I was asked a question today that was perhaps only part in jest: "Where's the big screen on the Scrape?" The reply from one of our volunteers was "how many birds watch football?" My reply to that, looking at huge picture of a robin in the reception area was "Robinho for one!"
OK, so perhaps that was a poor attempt at humour, but there is a serious point here. Some of us are having to miss the football today, being stuck in the office instead. It may be better for the nerves. However, given the choice, I'd probably be missing it today anyway and taking advantage of this superb weather by pottering around Minsmere, where there's more guarantee of some serious action, lots of winners and losers, and none of the stress of watching Messrs Rooney, Gerrard and Co kicking sperhical objects around a park in South Africa.
I did manage a quick stroll to South Hide at lunchtime to watch terns. There were good numbers of Sandwich and common terns, and about eight litlte terns, giving an excellent opportunity to compare the contrasting sizes of these three species. Although I couldn't find one myself, an arctic tern was reported at East hide this morning, but there's been no sightngs of the roseate tern today.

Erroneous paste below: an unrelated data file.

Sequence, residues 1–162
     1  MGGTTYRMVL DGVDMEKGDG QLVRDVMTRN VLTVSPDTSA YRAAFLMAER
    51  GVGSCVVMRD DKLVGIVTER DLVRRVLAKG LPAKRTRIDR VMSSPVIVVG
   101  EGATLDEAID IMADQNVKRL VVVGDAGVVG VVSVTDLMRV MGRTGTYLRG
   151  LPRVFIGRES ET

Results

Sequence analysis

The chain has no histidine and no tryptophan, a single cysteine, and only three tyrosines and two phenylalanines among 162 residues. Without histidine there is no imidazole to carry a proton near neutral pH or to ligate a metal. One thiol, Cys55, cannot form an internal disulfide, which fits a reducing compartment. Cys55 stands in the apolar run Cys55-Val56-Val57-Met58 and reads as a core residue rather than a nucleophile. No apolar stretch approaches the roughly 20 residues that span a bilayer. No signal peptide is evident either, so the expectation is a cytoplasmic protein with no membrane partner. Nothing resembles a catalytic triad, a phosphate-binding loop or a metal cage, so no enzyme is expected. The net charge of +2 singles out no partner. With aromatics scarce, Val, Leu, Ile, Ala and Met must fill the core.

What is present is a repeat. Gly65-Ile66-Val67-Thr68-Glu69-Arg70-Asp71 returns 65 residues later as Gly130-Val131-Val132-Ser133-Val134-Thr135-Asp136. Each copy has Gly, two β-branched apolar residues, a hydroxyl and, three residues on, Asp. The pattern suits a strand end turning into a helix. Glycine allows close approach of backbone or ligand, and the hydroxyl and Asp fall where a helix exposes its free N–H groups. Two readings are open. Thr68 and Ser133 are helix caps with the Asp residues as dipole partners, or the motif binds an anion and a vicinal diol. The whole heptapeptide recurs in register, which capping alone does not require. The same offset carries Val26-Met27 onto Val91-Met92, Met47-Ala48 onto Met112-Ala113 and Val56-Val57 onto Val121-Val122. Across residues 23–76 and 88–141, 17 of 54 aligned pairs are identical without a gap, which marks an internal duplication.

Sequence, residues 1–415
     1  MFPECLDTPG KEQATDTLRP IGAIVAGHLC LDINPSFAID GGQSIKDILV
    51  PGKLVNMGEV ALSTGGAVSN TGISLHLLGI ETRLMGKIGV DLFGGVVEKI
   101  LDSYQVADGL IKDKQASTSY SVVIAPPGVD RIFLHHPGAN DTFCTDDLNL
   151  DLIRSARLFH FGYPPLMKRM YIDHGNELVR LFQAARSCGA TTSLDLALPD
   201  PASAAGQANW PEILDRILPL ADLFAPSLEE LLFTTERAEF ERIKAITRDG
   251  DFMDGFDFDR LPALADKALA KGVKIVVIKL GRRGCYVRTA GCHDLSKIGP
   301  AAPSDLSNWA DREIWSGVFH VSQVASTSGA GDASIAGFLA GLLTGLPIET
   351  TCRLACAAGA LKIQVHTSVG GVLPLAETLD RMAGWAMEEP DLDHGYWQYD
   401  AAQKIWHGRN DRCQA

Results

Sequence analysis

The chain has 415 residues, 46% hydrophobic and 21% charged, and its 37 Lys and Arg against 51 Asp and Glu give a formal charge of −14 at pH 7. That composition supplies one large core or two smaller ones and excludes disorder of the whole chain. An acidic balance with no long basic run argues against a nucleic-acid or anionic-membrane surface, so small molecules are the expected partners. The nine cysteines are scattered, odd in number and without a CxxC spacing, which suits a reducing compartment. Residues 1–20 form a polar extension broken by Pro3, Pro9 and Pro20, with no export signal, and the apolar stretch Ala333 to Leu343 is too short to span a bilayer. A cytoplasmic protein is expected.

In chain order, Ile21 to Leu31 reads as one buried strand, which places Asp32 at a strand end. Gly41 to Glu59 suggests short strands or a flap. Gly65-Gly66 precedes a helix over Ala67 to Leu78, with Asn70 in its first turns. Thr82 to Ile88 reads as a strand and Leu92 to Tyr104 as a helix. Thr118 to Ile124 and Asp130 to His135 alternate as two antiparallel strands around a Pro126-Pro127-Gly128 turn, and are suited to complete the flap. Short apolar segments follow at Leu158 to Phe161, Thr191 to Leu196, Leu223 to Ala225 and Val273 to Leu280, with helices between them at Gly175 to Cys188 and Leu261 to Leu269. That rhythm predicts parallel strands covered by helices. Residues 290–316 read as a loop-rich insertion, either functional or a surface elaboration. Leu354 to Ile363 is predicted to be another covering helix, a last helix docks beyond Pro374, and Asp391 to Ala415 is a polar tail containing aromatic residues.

Also at South Hide were two ringed plovers, four oystercatchers, two black-tailed godwits and several lapwings. Encouragingly, several avocet chicks are very close to fledging on the Scrape. The ducks on the Scrape (mallard, gadwall, shoveler) are looking increasingly scruffy as they moult into their summer eclipse plumage, losing all their glorious colours in the process.
Strolling back to the office, a bittern gave a superb fly past, straight over the Scrape and heading towards North Marsh. Clearly a nest of hungry chicks to feed there. Althoguh I ddin't see any, nine spoonbills were reported this morning. They seem to be favouring the Levels. It's interesting that numbers are increasing here this year, rather than on Havergate Island, which is usually the best place to see them.
Two red kites were reported flying north over Island Mere at lunch time. They appeared to have a little battle with three resident marsh harriers. Kestrels and hobbies remain on show over the reedbed too.
The warm weather is tempting more insects onto the wing. I swa my first black-tailed skimmers today, along with four-spotted chasers and several common blue damselflies. There was a cinnabar moth near the visitor centre. As well as the impressive display of southern marsh orchids, yellow rattle, yellow flag and ragged-robin at North Hide, a large spike of common spotted orchid is flowering near West Hide and the car park verges have turned yellow with biting stonecrop in flower.